Synopsis: Retired archeologist Steve Banning (Dick Foran) is regaling his son John (John Hubbard) and John’s fiancée Isobel Evans (Elyse Knox) with the story of his strange expedition to Egypt thirty years earlier: how he and the members of his expedition found the tomb of the mummy Kharis and, breaking the seal, unleashed a horrible curse that brought the mummy back to life. In a series of flashbacks, we are told how various members of the expedition were killed by Kharis, who was being controlled by the high priest Andoheb (George Zucco). In the end the mummy was destroyed and Steve and the surviving members of his party returned home.
John and Isobel find the story so fantastic that it isn’t clear if they completely believe it, but Banning claims every word of it is true.
Meanwhile, in Egypt, an elderly Andoheb is handing off his mummy-protecting duties to young Mehemet Bey (Turhan Bey). He tells the young man that the defilers of Kharis’ tomb still live; they must be tracked down and killed, and their line must be extinguished. Bey immediately makes plans to sail to Massachusetts, where the Banning family lives.
Once in America, Bey takes a job as caretaker in a cemetery, and from the caretaker’s cottage sets his plan in motion. Each night he gives the mummy the potion derived from nine tana leaves, which brings it to life. He orders the creature to kill Steve Banning. It shambles out to the Banning house and does so. The next night Bey orders it to dispense with Babe Hanson, another survivor of the expedition. This too the mummy accomplishes.
But a mummy’s work is never done, and we learn that young John Banning is on the schedule for the next night. Surprisingly, the ultra-disciplined Bey hesitates. He finds himself captivated by the beautiful Isobel, and disobeys his orders from Andoheb by sending the mummy not to kill John but to capture Isobel, and bring her to him. What he does not know is that the townspeople are becoming suspicious of him, and that Kharis is close to rebelling against his sacrilege….
Comments: Let me confess right away: I’m a sucker for a good mummy movie.
My wife claims that the phrase “good mummy movie” is an oxymoron, but she is wrong. Mummies are thrilling creatures. They only do one thing (stumble around and kill people) but they do it really well. They are relentless, and of all the classic monsters in the Universal stable, they are the only ones focused exclusively on revenge.
Remember that Banning and his merry crew of grave robbers were explicitly warned not to break the seal of Kharis’ tomb, but they dismissed the warning as superstitious nonsense and did it anyway. For this reason they richly deserve what’s coming to them; and I find it hard not to root for Kharis in these films. I’ve been waiting for Horror Incorporated to bring us some mummy-related mayhem.
And mummy-related mayhem is what we get, in spite of a somewhat uneven script.
The Mummy’s Tomb starts out quite shakily, dressing Dick Foran in some unconvincing old-age makeup and having him frame a flashback sequence from 1940’s The Mummy’s Hand. The use of scenes taken from this earlier movie is quite extensive, running more than ten minutes, or nearly a sixth of the entire movie’s running time. This tells the viewer two things right away:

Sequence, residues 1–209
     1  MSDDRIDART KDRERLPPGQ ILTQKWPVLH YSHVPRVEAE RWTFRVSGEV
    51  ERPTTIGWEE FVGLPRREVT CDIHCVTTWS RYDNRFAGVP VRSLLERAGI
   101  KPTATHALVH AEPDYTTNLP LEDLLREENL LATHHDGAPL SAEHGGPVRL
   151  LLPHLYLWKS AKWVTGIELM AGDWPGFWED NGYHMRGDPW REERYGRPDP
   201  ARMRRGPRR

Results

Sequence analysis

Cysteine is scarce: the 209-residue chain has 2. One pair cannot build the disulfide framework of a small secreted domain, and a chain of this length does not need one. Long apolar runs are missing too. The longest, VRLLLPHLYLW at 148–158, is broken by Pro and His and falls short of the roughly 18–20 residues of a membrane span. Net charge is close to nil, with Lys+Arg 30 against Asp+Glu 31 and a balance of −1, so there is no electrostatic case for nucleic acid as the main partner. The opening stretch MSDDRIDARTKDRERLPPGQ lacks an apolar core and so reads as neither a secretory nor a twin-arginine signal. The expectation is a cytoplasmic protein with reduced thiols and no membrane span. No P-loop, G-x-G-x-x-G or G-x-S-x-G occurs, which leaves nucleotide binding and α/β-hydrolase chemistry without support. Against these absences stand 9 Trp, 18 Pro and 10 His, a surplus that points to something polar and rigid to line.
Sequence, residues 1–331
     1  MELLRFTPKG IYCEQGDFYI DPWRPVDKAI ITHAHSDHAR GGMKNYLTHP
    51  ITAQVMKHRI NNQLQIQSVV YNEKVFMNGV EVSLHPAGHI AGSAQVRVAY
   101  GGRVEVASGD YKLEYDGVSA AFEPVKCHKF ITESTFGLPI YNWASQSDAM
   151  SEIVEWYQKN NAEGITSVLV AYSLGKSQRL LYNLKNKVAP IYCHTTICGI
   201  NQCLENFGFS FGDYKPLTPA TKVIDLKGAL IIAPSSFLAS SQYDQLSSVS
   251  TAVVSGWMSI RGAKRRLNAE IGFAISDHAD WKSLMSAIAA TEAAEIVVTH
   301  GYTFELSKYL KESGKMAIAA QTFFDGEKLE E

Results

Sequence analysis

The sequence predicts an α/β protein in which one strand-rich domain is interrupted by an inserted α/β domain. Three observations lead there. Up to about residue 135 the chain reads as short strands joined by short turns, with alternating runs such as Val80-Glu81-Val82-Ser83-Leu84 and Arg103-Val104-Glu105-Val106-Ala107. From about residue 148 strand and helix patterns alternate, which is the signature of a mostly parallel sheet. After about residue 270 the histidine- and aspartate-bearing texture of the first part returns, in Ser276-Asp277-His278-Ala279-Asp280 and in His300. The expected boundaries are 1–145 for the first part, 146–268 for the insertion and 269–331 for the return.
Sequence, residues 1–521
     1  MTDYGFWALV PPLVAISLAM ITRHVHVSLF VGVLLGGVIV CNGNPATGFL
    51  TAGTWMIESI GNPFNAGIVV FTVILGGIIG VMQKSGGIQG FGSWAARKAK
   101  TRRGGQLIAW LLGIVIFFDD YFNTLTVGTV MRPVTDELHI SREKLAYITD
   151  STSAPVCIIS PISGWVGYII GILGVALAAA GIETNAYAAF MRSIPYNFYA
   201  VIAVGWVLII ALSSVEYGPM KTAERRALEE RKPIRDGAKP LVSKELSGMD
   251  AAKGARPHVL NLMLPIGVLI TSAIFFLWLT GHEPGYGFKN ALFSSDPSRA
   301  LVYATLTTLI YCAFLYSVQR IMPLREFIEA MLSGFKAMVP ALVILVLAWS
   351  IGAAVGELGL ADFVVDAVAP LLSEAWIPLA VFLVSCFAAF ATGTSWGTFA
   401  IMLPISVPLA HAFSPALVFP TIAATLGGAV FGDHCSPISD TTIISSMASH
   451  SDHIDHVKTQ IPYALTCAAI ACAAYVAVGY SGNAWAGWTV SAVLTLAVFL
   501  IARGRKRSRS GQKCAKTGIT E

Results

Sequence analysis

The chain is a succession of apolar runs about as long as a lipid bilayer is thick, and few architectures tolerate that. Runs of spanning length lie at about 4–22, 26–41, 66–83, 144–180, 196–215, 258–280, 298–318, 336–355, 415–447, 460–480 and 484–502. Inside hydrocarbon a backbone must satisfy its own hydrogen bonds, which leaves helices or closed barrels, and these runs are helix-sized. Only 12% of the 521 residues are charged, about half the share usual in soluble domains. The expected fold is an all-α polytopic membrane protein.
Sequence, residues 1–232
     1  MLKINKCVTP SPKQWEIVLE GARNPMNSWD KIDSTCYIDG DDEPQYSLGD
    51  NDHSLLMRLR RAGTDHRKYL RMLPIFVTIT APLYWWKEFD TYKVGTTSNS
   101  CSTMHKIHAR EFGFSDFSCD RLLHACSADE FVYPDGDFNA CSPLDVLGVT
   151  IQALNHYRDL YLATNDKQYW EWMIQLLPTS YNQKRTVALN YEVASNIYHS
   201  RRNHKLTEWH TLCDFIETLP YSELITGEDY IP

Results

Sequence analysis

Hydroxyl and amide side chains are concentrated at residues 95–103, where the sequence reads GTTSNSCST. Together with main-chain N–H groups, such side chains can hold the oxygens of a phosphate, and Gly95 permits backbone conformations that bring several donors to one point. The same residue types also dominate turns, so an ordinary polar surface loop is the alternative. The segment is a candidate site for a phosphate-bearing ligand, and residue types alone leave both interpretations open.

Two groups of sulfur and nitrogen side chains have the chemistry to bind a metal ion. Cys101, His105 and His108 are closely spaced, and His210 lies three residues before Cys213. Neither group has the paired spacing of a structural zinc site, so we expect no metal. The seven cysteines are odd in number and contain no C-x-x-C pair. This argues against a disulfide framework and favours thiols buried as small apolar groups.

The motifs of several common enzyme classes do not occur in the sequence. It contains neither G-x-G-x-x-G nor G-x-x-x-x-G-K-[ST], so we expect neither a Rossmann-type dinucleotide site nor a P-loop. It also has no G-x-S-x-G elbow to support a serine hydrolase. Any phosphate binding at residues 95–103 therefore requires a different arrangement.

1. Enjoy these scenes set in Egypt, because you won’t see any more of them for the rest of the film.
2. Wasn’t The Mummy’s Hand an exciting film? We think so too. Wish we could just show you that one again.
But once we’re done with this clumsy bit of exposition, the movie starts running on its own power. Transplanting the action to Massachusetts is a bit problematic (how a shambling mummy is able to navigate the streets of Mapleton without being observed is never addressed) and the action is rather slow out of the gate, but it pays off in the end. We get a good, torch-wielding mob in the finest Universal tradition, and the movie finishes in the Banning house, now burning to the ground with a presumably stressed-out mummy wandering around inside it.
You would expect a film like this to be building an atmosphere of suspense and foreboding, as the smug members of the Banning party come to realize that 30 year’s distance from Kharis has not nearly enough to make them safe. But that never happens. Instead we’re treated to an atmosphere of rather dreary cheapness, a problem that plagues many of the Universal horror entries from this time.
Director Harold Young likes to use newspaper headlines for exposition, a common practice for films of this era, but he hilariously overuses the tactic here; every headline employs gigantic JAPS BOMB PEARL HARBOR font:
There are always, of course, moments of unintentional hilarity in movies like this, but I will refrain from pointing any more of them out to you. It isn’t a good idea to mock Kharis. If he could show up in 1942 after a sleep of 3,000 years, he could terrorize us all in 2011. He would kill me first, obviously, since I wrote this blog entry. But he wouldn’t stop there: he’d track the IP addresses of all visitors to the Horror Incorporated Project and wipe them out, one by one. You might think that you could outrun him, but you would be wrong. Through the magic of tricky editing, he’d get you.
So let’s just move along, shall we?
THE MUMMY’S TOMB can be found on the DVD set The Mummy: The Legacy Collection, which contains all five of the original films. It’s widely available, but you might want to check Alibris first — there are lots of used copies out there.